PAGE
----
Today, Niantic and The Pokemon Company announced they would be organizing Pokemon GO Fest 2018 in Chicago this July to celebrate the game’s 2nd anniversary.
The first Pokemon GO Fest held in 2017 was compounded with many problems, from long lines of people trying to enter the event to connectivity issues. This led to Niantic providing full refunds for tickets, a way of apologizing to participants at the event.
Niantic CEO John Hanke spoke to IGN today, sharing how Niantic has learned their mistakes from the past and apply them to ensure Pokemon GO Fest 2018 is a success.
First, Hanke admitted Pokemon GO Fest 2017 was one of the “most challenging days” of his career.
Go Fest was a challenge for us, there’s no doubt. As the person who stood up on stage and directly faced the consequences of having the technical challenges, nobody felt it more strongly than I did. Particularly with all of you in the press there to witness that with us, and all of my board members, all of our partners…It was one of the most challenging days of my professional career.
After GO Fest, Niantic changed the way they planned the Pokemon GO events at Yokohama’s Pikachu Outbreak.
Shortly after Chicago, we got to work on Yokohama, which was already scheduled and there was no dodging that. So we just had to make sure that we didn’t screw up Yokohama. We dove much, much deeper with the cellular network partners over there and really figured out how to talk to them and explain to them the technical requirements of an event like ours. We made some changes to the way we plan the event. We organized it so that everybody wasn’t concentrated in the same place all the time, and, you know, we made it. There were some close calls that week. There were some times when the network slowed down, but it never went offline, and it was a huge success.
Hanke explains how the company will apply their lessons learned from last year to reduce server strain and high crowd levels at Pokemon GO Fest 2018.
That was a learning directly from Yokohama last year. A large portion of that event was a walking course that was set up along the waterfront in Yokohama, and it worked really well. It was super fun. People were moving and not standing still, which is actually more in line with our mission. At an event where people are kind of all clumped together in a group, there’s less room to move around.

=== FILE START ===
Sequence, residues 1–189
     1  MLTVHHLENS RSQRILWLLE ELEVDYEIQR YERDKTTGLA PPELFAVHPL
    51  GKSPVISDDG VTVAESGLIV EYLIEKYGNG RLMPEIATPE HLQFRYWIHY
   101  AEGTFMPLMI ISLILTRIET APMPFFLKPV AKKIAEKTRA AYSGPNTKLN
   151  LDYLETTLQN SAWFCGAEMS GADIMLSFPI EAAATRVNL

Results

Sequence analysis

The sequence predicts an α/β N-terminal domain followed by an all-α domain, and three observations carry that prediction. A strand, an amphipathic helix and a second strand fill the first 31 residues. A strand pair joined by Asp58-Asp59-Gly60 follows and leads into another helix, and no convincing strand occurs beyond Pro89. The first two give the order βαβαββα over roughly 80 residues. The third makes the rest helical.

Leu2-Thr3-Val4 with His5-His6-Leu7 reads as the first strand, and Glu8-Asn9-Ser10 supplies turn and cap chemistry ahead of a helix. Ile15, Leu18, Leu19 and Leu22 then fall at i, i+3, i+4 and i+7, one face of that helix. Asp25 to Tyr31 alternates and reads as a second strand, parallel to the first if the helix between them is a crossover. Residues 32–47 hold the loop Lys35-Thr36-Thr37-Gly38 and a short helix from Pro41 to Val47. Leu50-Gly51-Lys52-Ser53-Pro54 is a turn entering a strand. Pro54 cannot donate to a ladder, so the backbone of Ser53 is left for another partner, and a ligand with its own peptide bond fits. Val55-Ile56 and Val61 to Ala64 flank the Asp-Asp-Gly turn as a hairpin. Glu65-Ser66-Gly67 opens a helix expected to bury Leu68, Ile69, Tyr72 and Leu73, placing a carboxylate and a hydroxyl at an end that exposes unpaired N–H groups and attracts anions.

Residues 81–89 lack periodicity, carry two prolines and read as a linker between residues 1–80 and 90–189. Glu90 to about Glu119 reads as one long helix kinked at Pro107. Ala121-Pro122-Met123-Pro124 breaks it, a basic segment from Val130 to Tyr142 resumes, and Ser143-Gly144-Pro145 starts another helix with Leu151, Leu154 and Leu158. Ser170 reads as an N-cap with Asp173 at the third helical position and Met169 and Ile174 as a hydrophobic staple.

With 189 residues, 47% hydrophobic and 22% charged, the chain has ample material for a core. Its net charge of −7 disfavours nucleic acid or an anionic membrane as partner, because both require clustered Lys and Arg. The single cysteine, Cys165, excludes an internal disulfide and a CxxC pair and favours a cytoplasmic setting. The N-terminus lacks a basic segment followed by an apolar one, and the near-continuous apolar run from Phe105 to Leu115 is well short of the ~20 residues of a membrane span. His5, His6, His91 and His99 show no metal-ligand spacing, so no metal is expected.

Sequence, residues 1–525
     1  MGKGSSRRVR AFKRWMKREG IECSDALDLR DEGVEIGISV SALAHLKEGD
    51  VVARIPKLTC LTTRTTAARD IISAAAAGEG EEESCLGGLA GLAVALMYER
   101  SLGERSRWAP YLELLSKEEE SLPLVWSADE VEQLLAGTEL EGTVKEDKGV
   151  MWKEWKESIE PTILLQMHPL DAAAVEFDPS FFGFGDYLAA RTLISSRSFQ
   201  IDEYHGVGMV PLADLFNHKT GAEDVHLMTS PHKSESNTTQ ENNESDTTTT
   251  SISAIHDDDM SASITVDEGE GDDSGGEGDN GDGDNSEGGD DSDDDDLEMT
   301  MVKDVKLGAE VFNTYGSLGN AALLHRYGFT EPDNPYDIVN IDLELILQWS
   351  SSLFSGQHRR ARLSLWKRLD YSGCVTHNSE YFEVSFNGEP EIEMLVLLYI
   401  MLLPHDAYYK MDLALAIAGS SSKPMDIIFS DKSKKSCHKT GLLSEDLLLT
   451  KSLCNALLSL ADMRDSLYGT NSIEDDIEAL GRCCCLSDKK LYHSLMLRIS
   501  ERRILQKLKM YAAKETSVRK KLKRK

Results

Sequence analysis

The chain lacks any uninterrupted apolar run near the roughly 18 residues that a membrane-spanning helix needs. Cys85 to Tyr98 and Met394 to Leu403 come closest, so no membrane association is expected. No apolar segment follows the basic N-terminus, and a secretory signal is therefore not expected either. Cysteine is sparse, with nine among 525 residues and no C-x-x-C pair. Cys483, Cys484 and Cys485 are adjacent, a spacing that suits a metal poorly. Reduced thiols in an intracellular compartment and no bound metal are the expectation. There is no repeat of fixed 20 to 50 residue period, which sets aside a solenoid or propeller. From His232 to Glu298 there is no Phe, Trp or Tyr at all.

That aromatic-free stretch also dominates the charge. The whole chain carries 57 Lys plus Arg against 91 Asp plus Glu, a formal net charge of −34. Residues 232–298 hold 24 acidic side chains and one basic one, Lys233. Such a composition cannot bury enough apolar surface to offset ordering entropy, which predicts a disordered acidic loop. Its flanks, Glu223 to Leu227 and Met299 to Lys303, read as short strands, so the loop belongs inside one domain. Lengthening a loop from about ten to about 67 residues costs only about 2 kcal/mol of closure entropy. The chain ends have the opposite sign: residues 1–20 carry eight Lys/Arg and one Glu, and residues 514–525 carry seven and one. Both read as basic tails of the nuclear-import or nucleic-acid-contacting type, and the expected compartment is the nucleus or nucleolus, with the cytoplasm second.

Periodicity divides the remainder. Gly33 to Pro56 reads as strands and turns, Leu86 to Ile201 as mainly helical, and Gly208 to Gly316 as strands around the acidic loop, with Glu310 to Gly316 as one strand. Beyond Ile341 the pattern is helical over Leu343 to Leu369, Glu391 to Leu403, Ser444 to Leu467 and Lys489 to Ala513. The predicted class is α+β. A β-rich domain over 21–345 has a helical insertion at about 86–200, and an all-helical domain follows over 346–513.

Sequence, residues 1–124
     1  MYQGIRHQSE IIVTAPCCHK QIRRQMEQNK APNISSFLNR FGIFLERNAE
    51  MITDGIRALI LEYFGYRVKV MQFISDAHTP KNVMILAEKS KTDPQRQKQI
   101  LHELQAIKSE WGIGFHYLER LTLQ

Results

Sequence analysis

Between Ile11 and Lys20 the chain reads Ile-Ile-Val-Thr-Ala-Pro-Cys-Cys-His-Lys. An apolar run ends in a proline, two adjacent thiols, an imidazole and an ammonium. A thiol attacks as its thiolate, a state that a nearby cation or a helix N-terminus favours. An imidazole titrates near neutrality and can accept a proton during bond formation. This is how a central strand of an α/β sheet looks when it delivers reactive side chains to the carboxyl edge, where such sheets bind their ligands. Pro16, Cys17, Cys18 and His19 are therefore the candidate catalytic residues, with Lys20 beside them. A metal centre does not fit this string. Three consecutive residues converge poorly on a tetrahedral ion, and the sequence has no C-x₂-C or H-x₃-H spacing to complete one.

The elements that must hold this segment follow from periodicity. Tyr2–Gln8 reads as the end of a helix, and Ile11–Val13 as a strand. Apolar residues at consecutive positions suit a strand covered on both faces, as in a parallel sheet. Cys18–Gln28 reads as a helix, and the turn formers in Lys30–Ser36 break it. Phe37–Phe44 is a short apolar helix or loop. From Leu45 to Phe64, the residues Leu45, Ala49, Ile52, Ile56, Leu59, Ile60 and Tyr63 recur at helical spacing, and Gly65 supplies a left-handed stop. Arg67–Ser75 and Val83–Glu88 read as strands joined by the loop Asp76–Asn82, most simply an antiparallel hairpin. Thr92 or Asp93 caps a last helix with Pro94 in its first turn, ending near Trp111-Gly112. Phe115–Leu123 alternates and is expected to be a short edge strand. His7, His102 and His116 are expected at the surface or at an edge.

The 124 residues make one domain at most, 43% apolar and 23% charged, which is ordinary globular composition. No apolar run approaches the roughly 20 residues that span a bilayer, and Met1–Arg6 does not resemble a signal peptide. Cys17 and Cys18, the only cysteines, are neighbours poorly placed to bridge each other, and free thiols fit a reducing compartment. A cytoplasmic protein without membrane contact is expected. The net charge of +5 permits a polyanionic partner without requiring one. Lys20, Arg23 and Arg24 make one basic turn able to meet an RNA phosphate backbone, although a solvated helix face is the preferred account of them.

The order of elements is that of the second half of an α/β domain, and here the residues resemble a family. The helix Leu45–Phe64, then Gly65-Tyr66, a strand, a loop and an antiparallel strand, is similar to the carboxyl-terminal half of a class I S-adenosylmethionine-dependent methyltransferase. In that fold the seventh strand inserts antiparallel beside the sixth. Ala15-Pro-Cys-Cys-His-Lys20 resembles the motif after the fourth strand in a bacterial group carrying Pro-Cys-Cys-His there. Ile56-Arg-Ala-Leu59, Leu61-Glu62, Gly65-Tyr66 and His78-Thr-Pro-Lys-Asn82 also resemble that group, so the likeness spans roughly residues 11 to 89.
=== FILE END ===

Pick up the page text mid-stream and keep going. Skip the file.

We didn’t really know that the first time through. There wasn’t really a model for how do you do a mobile gaming event for 30,000 people. The company we worked with had put on lots of big music shows, and I think their thinking was more like, ‘Hey, how does Lollapalooza work?’ There was a stage, there was a fence, there were concessions and things like that, but it was kind of drawing its inspiration from a music festival, and I think that’s not really quite the right model.
We will be lining up things across the city of Chicago as well as what’s happening in Lincoln Park to encourage that kind of flow that we resorted to at the end of the day last year as we were trying to figure out how to make a diving catch there in the afternoon. The evening [after last year’s Go Fest] in Chicago, despite the fact that the day had been so trying, was kind of a golden hour there. As people were out across the city, the weather kind of let up on us. There was a bit of rain a lot of the day, but a lot of the evening, it was nice and kind of cool, and people were out on the streets of Chicago having fun playing Pokemon Go. That’s the part of last year that we want to try to recapture this year.
In general, if you create the right game incentives, it really shapes where people are playing and where they’re headed and where they’re flowing to. So the fallback is simply to closely monitor what’s happening in Lincoln Park itself and then to dial up the attractiveness of other areas if for some reason there’s a problem there.
Niantic is also working closely with major carriers to ensure coverage is high throughout the city.
All of the major carriers are deploying COWs (Cells on Wheels), so there will be mobile network hotspots from all the major carriers set up in such a way that we believe we will have full coverage, efficient coverage, for everybody throughout the park. And again, our understanding and our ability to communicate with our partners exactly what the network traffic looks like, and really technically profiling it and communicating it on a technical level, we’re much better at that than we were a year ago, so that’s been the formula that we used last year in Yokohama and Tottori and other places, to really work closely with those network providers.
There are going to be themed areas for the different Pokemon types, so we think we’re going to create a really fun, interesting environment for people to move through, and to really experience the full breadth of that park. It’s kind of a long, narrow park, which we’re taking advantage of, so I’m excited about what that on-the-ground experience is going to be there. But we do think that as people have moved through that, then there will be an intention for people to dissipate at the end and go off and explore other parts of Chicago.